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Columbia Boston Marathon survivor runs again

Monday, April 21, 2014 | 6:00 a.m. CDT; updated 3:04 p.m. CDT, Tuesday, April 22, 2014
Bill Washington, top left, crosses the finish line during the 2013 Boston Marathon. Shortly after Washington crossed the finish line two pressure-cooker bombs went off in the area. Washington is running the marathon again Monday in honor of the victims of the bombing.

UPDATE: Bill Washington finished this year's Boston Marathon in 4 hours and 25 minutes, according to the Boston Athletic Association website.

COLUMBIA — In last year's Boston Marathon, Bill Washington crossed the finish line in 4 hours and 5 minutes.

Four minutes later, two pressure-cooker bombs exploded a few hundred feet from where he stood on Boylston Street. Three people were killed, and an estimated 264 were injured, many quite seriously.

This week, Washington, 67, has returned to Boston to run the 26.2-mile course again.

"For me, it’s kind of a personal thing," the Columbia runner said. "Because the events of last year and my proximity, I felt very strongly to run to honor those people so I decided to run again."

Monday marks the city's annual marathon and the first since the bombs exploded 12 seconds apart near the finish line.

At least 36,000 runners — the second-largest field in the race's 118-year history and 9,000 more than last year — are expected to participate in Monday's race, according to various news reports.

The final marathon

For Washington, this will be his 10th marathon and, he says, also his last.

Despite a love of running, the time commitment and physical conditioning required for training takes its toll. Washington also fought an ankle injury this year and another from stepping on a bottle on the MKT trail.

"I enjoy it and I like running, but I’m going to concentrate on less time commitments," Washington said.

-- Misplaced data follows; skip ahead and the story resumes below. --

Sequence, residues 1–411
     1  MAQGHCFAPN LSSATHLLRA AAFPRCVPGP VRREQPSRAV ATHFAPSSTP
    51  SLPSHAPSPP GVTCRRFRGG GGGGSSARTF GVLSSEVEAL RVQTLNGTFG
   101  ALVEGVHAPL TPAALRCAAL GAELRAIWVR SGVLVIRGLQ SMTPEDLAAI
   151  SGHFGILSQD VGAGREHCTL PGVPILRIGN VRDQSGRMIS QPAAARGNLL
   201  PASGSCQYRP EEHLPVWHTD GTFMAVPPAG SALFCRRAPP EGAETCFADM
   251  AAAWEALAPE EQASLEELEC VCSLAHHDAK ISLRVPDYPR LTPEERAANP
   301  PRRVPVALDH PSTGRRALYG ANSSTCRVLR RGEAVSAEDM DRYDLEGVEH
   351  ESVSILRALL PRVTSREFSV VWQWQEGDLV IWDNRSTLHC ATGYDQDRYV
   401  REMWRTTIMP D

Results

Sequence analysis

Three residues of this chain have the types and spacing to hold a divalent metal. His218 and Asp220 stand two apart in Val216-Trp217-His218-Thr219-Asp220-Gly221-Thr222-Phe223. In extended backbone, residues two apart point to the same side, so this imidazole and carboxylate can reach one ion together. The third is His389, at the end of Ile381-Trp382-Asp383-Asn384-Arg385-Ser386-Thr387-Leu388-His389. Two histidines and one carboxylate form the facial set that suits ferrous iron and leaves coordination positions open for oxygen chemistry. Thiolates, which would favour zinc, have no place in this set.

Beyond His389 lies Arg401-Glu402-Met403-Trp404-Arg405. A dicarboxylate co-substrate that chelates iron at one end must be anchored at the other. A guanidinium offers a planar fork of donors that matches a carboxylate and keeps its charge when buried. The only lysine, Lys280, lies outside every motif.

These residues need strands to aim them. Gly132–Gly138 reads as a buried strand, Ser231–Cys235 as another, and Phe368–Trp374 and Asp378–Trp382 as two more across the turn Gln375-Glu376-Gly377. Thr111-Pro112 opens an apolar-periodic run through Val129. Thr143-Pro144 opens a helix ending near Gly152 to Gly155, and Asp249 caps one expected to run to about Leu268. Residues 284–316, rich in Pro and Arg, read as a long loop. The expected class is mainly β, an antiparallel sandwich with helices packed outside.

He was standing 300 feet from the end on April 15 when the first bomb exploded at 2:49 p.m., EST. The bombs exploded in succession about 200 yards apart.

A Navy veteran, Washington ran back toward the blast before being told by emergency personnel to move in the other direction, according to an interview with the Missourian last year.

Just after last year's marathon, he pledged to enter Boston again this year— a promise he is keeping.

Serious running

Washington has had a long love affair with running. After attending Hickman High School, he attended MU and ultimately graduated from the School of Medicine. He spent his career with the Navy, moving to California.

He ran his first marathon while in the Navy, which led to his running passion. After leaving the service, he lived in Wisconsin before he and his wife moved back to Columbia in 2007.

Although a full-time job and the harsh winters of Wisconsin made it difficult to maintain his training regime, he continued to run marathons when he could.

This year, he joins nine other runners from Columbia in Boston.

"In the running community, this is the race this year," Washington said "A lot of people felt a strong pull to run Boston."

Surveillance has been tightened this time, with twice as many official personnel lining the route, plus bomb-sniffing dogs, metal detectors and security cameras.

Along with an increased police presence, runners are not allowed to carry backpacks,  and spectators are encouraged to leave them at home or will be subject to search.

Costumes covering the face, bulky clothes, large signs and coolers are also prohibited, according to the Boston Athletic Association.

"Spectators can’t have coolers this year, which often have ice and things like orange slices for runners, so that homemade touch will be lost this year," Washington said.

Supervising editor is Jeanne Abbott.


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